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International Exchange Student Program

Vivian Said:

I would like to host a foreign exchange student visiting the US -- which programs are most reputable?

We Answered:

I can answer your question as it relates to high school students. First, it is entirely volunteer -- you do NOT get paid to host. You provide room and board to the students.

To find a reputable program, make sure it is CSIET listed (www.csiet.org). However, that is rather a daunting list! So, check with your local high school and see what programs they recommend. Some schools only allow certain programs (ours is like that). Programs are only as good as their local representatives. Generally speaking, AFS, Aspect, Rotary and YFU are accepted and reliable most everyplace. ASSE is good in most places. AYUSA/INTRAX has difficulties and I don't recommend that one.

Once you get a "short list" of programs -- contact them.
THey will send someone out to your house for an interview process. Remember, this process goes both ways. They are interviewing you to see if you are suitable, but you are interviewing them to see if you wish to host with them. YOU are in the driver's seat here! Pick the one you feel the most comfortable with.

Here are a few "red flags" to look for in the interview process.

1. Are they promising you a student at the interview? This is a big no-no, unless the interviewer is a personal friend who has known you long enough and well enough to know that you will pass the background checks. Even then, they should say that a placement is CONTINGENT upon a check. Sometimes when friends or acquaintances are the organization representatives, they will have an idea of one or two students they feel would fit your family, school and town. That's ok -- as long as they don't GUARANTEE the placement.

2. Do they live further than 125 miles? If so, that's a federal law no-no. Your rep MUST live closer to you than 125 miles. Frankly, I recommend the same town ... or one very close by.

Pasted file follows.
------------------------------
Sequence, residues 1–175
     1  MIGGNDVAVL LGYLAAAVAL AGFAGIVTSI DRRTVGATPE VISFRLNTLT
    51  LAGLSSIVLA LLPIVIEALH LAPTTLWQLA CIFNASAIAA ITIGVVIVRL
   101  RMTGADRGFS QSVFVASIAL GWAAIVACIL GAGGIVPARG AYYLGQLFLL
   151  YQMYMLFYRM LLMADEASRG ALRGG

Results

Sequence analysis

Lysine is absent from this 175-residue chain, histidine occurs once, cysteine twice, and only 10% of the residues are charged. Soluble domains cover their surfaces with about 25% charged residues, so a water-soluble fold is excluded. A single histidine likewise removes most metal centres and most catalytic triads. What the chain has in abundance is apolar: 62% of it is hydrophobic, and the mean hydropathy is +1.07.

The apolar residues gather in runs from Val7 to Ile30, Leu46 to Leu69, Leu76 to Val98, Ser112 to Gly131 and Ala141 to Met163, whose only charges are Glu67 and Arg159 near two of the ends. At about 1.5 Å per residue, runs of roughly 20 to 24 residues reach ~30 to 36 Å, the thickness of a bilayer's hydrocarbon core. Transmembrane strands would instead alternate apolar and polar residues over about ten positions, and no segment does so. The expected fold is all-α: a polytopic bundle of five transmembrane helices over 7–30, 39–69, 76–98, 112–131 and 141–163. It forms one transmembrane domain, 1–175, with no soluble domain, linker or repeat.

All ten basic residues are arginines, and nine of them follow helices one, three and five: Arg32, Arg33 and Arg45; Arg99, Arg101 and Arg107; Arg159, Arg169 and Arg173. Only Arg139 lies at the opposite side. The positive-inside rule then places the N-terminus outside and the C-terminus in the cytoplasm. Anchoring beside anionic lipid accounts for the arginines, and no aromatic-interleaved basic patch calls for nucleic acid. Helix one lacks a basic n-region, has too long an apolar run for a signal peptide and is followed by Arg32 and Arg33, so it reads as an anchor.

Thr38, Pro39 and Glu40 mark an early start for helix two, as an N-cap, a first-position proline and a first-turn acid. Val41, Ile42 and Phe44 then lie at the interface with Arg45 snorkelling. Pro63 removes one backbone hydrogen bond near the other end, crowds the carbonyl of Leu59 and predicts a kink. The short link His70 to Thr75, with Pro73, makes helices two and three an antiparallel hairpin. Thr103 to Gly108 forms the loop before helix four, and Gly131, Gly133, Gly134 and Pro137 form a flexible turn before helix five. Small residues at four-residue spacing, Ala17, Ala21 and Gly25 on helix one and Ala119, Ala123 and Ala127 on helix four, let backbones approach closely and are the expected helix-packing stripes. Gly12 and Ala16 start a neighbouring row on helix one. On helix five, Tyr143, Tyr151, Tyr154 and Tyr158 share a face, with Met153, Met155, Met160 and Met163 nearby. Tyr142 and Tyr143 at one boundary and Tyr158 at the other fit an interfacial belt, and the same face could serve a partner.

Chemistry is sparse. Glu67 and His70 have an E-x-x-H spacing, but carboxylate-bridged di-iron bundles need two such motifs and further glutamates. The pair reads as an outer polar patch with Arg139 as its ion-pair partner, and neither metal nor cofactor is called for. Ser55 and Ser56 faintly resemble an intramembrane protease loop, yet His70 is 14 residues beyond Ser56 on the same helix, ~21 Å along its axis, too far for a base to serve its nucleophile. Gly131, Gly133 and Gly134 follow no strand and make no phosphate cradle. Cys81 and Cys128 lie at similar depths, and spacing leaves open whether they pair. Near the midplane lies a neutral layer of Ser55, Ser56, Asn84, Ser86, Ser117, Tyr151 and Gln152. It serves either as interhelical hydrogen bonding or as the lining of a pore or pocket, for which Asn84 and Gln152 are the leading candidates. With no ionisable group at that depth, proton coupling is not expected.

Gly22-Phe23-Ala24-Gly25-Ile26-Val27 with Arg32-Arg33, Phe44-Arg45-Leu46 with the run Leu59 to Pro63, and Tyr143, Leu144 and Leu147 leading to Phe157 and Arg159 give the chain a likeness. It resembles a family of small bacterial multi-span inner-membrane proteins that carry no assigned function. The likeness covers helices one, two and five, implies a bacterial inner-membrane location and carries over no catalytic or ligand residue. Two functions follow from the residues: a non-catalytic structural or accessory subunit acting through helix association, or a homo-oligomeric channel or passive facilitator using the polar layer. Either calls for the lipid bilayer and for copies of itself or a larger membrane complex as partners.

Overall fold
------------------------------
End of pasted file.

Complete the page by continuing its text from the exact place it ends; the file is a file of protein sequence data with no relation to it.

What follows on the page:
3. Ask the rep how many kids they are in charge of. If they say more than 3-4, you may have problems getting the attention you will need as a host family -- especially a first time host family. Also ask them if they get paid. Some organizations are volunteer and some are paid. Both can be fine, but they should be up front if they are getting paid "by the head" to place a student!

4. Have they looked at your home and where the student will sleep? This isn't a "white glove" examination (I certainly don't count out a host family for dust bunnies) but a good rep will make sure of a happy and healthy environment for the student.

5. Has the rep explained your personal and financial obligations to the student? Basically, that's room and board, a willingness to provide some transportation, help with homework, and support the student emotionally.

On to more of your question. Most international students will pay $8,000-$10,000 USD for their exchange. This covers flights, orientations, insurance, administration, support, etc. (Rotary is cheaper, and set up differently.) There is a certain amount of "pay to play" -- however many students are "scholarship students" where some of their trip is paid for. All students must meet minimum standards set by the organization -- and our federal government requires a minimal English ability. In reality, most student that come are gymnasium (highest level of high school for Europeans) or the same idea for other countries.

Hope this is helpful!

Good luck and happy hosting!

Daryl Said:

I want to go overseas for student exchange but my parents keep saying no!!!!!!!!!!!!!!! please help.?

We Answered:

Your parents more than likely have their reasons for saying no,and might not feel comfortable telling you those reasons.
Have you been approved to be able to go on any exchange programmes.
My daughter who's 16 just got approved to go on an exchange programme.She had to be interviewed,show her report cards from the last 3 years,and letters from her teachers stating what she was like as a student.
I am still unsure whether to allow her to go or not.